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Hate Forest – Innermost

hate forest – innermost

Info

Out of nowhere, Hate Forest returned from the dead in 2020 with ‘Hour of the Centaur’, another showcase of the typical untamed Black Metal aggression bottled up in main man Roman Saenko. The album not only turned out to be a welcome comeback, but also one at an incredibly high level, as it came close to the classic Hate Forest albums ‘The Most Ancient Ones’, ‘Purity’ and ‘Sorrow’. In a similar surprising fashion, the newest Hate Forest album ‘Innermost’ suddenly appeared late 2022, once again courtesy of Osmose Productions.

Used as his vessel for pure fury and hate, you would expect an extremely angry album from Hate Forest considering the events in his home country of Ukraine. However, it’s good to realize that ‘Innermost’ was recorded on winter solstice in 2021, before the tragic events unfolded, so the inspiration for the album is rather his usual bottled up anger. That doesn’t make it any less aggressive though. The production is largely the same as on ‘Hour of the Centaur’, although a slightly sharper guitar sound accentuates the Black Metal aspect of the riffs a little bit more, much like it did on ‘Purity’. Another aspect that returns are double vocals; while the majority of the time Saenko utilizes his for Hate Forest so typical grunts and growls, these are alternated or backed up with shrill screams. This is used to great effect in for instance ‘Ice-Cold Bloodless Veins’, one of the songs that is directly in line with ‘Hour of the Centaur’. And so is ‘By Full Moon’s Light Alone the Steppe Throne Can Be Seen’, even though a short acoustic break adds a different element to the album. The acoustic breaks come back in a more extended variant in ‘Temple of the Great Eternal Night’, adding a different layer of melancholy to the song. This particular track also contains some of the most ferocious Hate Forest riffs you can find on any of his albums, some true gems in riff writing in my opinion. Closing track ‘Solitude in Starry December’ is also worth mentioning, featuring riffs that could have been written for the first album of one of Saenko’s other bands, Drudkh. I can imagine this would be a song that would be far too heavy for Drudkh but works excellently within the frame of Hate Forest.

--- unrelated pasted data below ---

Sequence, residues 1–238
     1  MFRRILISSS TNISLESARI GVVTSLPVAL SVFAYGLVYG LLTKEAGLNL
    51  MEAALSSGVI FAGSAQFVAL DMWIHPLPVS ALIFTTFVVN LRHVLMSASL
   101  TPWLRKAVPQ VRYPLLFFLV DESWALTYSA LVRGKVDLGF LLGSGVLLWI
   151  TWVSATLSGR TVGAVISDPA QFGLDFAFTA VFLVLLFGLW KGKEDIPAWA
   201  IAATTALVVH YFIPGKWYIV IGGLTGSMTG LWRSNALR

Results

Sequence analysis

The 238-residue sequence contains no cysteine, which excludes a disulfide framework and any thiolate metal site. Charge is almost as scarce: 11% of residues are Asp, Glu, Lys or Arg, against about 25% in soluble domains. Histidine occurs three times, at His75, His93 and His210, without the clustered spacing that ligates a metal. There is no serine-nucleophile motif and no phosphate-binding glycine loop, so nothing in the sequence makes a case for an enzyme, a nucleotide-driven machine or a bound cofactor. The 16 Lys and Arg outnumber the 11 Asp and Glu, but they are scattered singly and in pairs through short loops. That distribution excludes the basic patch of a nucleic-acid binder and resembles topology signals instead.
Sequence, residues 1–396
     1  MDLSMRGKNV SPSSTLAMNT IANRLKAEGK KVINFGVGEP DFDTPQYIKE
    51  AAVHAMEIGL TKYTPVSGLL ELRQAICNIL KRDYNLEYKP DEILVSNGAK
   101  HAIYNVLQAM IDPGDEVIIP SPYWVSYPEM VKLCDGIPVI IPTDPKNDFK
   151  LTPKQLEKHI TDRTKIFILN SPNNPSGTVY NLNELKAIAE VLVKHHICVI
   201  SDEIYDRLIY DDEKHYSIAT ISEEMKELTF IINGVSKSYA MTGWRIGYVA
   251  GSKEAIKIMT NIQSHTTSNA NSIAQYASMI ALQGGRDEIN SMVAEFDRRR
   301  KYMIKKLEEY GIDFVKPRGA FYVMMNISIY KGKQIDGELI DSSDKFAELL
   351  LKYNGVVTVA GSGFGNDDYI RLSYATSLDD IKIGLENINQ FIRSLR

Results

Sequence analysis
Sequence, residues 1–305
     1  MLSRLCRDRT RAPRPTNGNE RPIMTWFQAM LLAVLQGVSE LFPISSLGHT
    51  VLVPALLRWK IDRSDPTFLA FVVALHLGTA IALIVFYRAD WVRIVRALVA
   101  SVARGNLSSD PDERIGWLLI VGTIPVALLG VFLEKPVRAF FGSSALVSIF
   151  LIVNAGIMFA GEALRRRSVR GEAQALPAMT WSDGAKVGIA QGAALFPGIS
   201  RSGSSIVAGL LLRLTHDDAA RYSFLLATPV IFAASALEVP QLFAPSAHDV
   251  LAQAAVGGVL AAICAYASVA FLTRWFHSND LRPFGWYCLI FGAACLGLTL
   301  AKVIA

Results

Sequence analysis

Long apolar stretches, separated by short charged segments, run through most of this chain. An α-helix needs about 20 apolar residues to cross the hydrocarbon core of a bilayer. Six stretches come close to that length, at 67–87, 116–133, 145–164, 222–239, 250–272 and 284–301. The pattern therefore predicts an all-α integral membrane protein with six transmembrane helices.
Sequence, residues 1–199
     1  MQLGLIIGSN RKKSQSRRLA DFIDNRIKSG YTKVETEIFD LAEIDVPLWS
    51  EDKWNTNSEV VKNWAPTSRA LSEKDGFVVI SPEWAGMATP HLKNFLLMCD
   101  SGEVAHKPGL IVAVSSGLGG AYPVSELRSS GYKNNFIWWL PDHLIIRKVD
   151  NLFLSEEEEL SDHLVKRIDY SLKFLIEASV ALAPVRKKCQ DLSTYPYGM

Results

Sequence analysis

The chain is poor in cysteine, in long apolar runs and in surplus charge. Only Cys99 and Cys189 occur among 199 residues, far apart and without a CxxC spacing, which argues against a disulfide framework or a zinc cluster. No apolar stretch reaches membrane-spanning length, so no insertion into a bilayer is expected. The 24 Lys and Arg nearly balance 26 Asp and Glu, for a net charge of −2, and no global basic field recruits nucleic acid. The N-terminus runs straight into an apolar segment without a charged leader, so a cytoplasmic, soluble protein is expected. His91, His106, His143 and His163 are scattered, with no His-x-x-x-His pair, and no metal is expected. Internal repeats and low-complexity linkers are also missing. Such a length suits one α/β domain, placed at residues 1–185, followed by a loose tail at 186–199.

‘Hour of the Centaur’ was an unrelenting and straightforward return for Hate Forest, much like the brutality of the debut ‘The Most Ancient Ones’. There are more nuances on ‘Innermost’, yet it never loses sight of the typical Hate Forest sound. Another great release by the band!

Hate Forest

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